Control Blue Light for Better Sleep

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Author: Katherine Duff
Date: Nov. 2011
From: Townsend Letter(Issue 340)
Publisher: The Townsend Letter Group
Document Type: Book review
Length: 721 words

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Great Sleep! Reduced Cancer!: A Scientific Approach to Great Sleep and Reduced Cancer Risk, by Richard Hansler, PhD [c]2008; $539; 86 pp.

In the book Great Sleep! Reduced Cancer!, Richard Hansler, PhD, writes that melatonin and its proper regulation can not only give us better sleep but reduce cancer as well. Supplementing with melatonin is not what this book is about; rather, it concerns the efforts that we should undertake to correct the effects of modern living, specifically the use of artificial light.

Melatonin is the main hormone produced by the pineal gland, and it is an important one for the proper functioning of the body. The internal circadian clock directs its production, which in turn regulates our wake and sleep cycles. Melatonin is also a powerful cancer fighter, since it interferes with linoleic acid, which is necessary for tumor growth.

The key to melatonin regulation is light entering the eyes. If a person is in darkness or dim light, the melatonin begins to flow and sleep is possible. If a person is exposed to light constantly, eventually the melatonin production is suppressed, leading to difficulties with getting to and staying asleep. Artificial light then can create havoc in this process, to the extremes that we experience in jet lag or working a job with changing shifts. The kind of light that we are exposed to plays a significant role as well.

The author reminds us that artificial light, other than fire, has been with us for only about TOO years. The artificial light that we are exposed to now has more blue wavelengths, which research has shown suppress melatonin more than those of other colors. To counter this effect, the author recommends using glasses (not sunglasses) that block the blue wavelengths for an hour or two before going to bed. This is not to say that bright light is bad for us. The melatonin production also depends upon exposure to bright light at various times during the day and early evening to keep the sleep/wake cycle synchronized.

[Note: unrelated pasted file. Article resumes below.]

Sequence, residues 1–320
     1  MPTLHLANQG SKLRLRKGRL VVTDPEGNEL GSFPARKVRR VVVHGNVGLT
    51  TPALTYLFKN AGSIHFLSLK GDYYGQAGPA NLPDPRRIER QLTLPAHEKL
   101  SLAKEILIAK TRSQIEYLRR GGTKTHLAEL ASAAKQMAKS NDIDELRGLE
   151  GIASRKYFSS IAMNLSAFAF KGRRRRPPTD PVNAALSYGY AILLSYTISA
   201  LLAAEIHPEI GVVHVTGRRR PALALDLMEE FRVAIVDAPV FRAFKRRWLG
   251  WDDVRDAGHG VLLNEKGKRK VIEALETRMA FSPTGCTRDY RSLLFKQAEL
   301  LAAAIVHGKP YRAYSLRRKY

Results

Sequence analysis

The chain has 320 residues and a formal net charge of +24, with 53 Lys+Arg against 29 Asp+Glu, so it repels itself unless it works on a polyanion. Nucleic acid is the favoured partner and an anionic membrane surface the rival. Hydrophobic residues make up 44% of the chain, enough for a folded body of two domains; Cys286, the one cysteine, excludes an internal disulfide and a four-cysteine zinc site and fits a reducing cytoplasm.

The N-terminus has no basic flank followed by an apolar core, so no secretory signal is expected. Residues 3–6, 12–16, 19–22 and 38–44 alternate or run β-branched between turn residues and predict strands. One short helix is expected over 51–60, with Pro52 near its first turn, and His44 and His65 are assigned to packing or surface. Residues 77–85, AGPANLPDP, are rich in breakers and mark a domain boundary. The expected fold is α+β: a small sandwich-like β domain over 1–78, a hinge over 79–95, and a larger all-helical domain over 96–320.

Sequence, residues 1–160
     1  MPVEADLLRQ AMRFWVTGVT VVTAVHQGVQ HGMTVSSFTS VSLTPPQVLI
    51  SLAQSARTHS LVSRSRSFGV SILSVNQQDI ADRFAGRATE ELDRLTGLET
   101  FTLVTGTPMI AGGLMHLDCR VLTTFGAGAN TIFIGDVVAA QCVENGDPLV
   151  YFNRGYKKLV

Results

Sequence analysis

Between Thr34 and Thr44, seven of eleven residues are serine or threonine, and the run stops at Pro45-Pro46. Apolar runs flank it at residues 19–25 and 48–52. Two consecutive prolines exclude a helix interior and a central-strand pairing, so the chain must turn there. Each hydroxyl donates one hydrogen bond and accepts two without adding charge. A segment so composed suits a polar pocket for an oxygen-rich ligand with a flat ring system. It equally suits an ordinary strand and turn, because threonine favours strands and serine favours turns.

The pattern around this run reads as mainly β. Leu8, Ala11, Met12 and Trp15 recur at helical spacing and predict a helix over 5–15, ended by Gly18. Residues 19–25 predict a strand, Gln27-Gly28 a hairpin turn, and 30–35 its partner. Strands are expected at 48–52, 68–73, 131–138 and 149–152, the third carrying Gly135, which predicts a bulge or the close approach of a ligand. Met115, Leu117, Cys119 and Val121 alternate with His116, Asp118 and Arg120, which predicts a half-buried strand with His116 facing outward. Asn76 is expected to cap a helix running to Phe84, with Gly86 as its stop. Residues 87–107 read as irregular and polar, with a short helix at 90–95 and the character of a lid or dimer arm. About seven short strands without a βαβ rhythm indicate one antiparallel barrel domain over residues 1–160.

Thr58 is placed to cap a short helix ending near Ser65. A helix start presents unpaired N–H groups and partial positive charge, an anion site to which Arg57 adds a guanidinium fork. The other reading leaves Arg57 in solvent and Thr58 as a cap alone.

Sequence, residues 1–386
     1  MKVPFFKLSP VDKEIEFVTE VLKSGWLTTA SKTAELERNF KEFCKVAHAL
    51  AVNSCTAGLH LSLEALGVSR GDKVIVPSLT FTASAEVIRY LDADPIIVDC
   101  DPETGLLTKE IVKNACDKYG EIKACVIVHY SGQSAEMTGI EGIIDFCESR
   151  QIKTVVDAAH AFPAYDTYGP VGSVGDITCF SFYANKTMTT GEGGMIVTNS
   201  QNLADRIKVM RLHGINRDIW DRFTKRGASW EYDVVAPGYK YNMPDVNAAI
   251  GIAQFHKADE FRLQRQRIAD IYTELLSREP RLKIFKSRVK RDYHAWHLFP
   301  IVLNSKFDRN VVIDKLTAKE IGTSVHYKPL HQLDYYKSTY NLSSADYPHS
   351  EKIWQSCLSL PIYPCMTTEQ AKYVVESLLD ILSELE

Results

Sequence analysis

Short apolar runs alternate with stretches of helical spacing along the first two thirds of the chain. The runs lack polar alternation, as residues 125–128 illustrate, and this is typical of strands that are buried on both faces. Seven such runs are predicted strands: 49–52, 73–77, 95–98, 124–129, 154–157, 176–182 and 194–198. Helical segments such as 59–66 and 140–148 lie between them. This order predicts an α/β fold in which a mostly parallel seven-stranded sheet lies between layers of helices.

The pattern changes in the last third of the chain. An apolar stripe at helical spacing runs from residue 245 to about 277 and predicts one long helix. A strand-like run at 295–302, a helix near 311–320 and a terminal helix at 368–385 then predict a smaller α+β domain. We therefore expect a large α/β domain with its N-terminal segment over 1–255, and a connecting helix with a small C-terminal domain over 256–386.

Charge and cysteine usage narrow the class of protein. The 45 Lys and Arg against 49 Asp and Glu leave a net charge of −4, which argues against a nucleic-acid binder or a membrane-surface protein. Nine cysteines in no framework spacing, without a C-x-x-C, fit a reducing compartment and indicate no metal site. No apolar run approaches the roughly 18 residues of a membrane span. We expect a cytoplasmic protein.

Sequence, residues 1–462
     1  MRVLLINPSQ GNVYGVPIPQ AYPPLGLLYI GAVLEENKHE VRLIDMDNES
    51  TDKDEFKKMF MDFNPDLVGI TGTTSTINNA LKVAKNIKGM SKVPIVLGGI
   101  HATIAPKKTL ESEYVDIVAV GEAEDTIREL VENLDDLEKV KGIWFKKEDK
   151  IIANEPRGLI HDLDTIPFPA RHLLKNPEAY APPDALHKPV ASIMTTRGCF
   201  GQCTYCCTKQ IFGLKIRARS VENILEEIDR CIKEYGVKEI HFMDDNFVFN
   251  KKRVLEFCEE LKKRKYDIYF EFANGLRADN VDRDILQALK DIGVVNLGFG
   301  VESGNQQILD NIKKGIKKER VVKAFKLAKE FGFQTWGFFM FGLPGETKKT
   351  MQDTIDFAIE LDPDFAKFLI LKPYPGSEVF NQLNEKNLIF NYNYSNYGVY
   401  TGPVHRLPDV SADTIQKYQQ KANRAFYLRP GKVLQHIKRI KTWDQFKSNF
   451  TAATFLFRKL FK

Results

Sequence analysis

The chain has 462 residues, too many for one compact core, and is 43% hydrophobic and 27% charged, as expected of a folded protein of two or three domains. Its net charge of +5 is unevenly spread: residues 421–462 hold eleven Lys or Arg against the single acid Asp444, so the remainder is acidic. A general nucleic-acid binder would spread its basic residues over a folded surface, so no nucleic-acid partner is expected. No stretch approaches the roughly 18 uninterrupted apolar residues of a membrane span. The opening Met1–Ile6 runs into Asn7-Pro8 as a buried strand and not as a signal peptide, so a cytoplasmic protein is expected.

Besides insomnia, Hansler has identified several conditions that respond to controlling light. They are seasonally affective disorder (SAD), attention deficit/ hyperactivity disorder, fibromyalgia/chronic fatigue syndrome, bipolar disorder, and postpartum depression. The author includes a discussion of these conditions, and the research that has been done showing improvements after blocking blue wavelengths at critical times. He also provides practical instructions for people attempting to change their sleep schedules and avoid jet lag.

Manipulating melatonin production by reducing blue light for better sleep is not always an instantaneous process, as we learn in the book. It takes time to adjust it and effort to maintain it. For this reason, shift workers are advised to keep the same schedule on their days off. People who want to avoid jet lag should start their preparations four days before their travel day. Those suffering insomnia, though, did remark that results were noted soon.

The discussion of cancer in the book relies upon numerous animal studies that point to the role which melatonin plays in suppressing cancer. Tumors were found to grow in long periods of light and stop or slow growth in long periods of dark.

Hansler came to this subject from his work developing light emitting diodes (LEDs). His interest in light and human health was piqued when he was approached by a friend who wanted him to design an LED blue light for the treatment of SAD. Now, after a career spent improving lightbulbs, Hansler is on a mission to alert people to the safer use of artificial light.

This is a short book at 86 pages, so the information is to the point. By coincidence, while reviewing this book, the popular media carried a story wherein researchers found blue light to be helpful for those suffering from SAD. Based upon the limited information in the articles, sufferers of SAD may bombard themselves with excess blue light and find themselves in an even worse state. They need a more complete understanding of the circadian rhythm, melatonin production, and the role of light to achieve better results. That is what this book offers.

"The main difference between our current artificial lighting and the light under which we evolved is the greater amount of blue wavelength light in artificial light. Blue light is known to suppress melatonin production."

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Gale Document Number: GALE|A271811636